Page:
Active Healing Centre

Shin Splints

Running Log

Well, it’s only the third week and I’m already experiencing some discomfort on my runs.

Despite my feeble attempts at following an exercise protocol, I’m either doing the stretches incorrectly –a distinct possibility, or not holding them long enough. An effective stretch should be for 30 to 60 seconds with no bouncing or straining involved.

The road surface that we’ve been running on certainly doesn’t help (concrete), but with proper shoes and a good workout I shouldn’t be feeling this much pain. But enough with the excuses.

Shin splints often heal on their own. If you see a doctor, expect to get a thorough physical exam. Your doctor may want to see you run to look for problems. You may also need X-rays or bone scans to look for fractures.
1. Rest your body. It needs time to heal.
2. Ice your shin to ease pain and swelling. Do it for 20-30 minutes every 3 to 4 hours for 2 to 3 days, or until the pain is gone.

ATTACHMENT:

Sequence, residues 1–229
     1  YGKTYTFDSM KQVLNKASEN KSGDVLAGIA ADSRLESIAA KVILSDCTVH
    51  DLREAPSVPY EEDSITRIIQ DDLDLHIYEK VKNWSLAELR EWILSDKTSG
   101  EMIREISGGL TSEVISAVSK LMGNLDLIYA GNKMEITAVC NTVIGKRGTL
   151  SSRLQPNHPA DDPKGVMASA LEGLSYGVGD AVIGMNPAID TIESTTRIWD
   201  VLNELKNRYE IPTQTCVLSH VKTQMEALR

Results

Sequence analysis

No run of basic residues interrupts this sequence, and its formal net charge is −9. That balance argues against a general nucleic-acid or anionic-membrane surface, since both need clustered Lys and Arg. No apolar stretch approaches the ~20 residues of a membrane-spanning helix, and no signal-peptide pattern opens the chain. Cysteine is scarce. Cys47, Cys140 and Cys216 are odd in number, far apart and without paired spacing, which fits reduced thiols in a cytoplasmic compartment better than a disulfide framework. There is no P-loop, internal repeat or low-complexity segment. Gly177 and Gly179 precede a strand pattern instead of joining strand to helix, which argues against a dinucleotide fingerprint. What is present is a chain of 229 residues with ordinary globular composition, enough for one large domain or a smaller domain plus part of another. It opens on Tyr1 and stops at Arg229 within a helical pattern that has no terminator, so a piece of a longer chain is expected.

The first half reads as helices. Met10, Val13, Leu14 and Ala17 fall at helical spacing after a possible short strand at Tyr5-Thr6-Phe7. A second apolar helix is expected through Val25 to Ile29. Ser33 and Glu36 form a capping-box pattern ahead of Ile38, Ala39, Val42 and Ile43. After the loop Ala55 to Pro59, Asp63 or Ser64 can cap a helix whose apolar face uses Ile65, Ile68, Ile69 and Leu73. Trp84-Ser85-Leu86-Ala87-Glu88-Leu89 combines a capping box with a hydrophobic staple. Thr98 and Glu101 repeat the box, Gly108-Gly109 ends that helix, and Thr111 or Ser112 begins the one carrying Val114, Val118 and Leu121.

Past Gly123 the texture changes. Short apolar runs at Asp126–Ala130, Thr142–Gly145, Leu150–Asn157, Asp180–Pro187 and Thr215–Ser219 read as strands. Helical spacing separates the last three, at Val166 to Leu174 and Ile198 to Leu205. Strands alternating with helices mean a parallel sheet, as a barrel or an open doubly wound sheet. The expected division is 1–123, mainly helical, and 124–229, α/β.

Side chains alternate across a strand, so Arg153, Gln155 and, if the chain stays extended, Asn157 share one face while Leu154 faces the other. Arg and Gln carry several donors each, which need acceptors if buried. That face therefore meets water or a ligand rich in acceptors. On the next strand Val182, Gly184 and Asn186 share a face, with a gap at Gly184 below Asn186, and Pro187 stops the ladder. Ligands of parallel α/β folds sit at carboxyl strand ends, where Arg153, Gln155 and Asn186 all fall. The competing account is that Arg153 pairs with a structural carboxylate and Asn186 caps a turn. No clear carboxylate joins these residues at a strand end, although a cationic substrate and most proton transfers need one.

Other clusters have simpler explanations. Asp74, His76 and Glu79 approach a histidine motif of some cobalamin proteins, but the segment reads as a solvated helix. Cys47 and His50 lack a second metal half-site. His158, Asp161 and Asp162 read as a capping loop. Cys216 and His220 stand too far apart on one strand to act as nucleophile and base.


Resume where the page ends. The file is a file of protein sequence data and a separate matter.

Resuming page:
3. Anti-inflammatory painkillers. Nonsteroidal anti-inflammatory like ibuprofen, naproxen, or aspirin, will help with pain and swelling. These drugs can have side effects, though like a greater chance of bleeding and ulcers. They should be used only occasionally unless your doctor says otherwise.
4. Arch supports for your shoes. These are orthotics — which can be custom-made or bought off the shelf — may help with flat feet.
5. Range-of-motion exercises, if your doctor recommends them.
6. Neoprene sleeve to support and warm your leg.
7. Physical therapy to strengthen the muscles in your shins.

Who knew that something that could be so good for us could hurt so much.


See your doctor if the pain persists or doesn’t go away within a day or two.
See your therapist if treatment is recommended.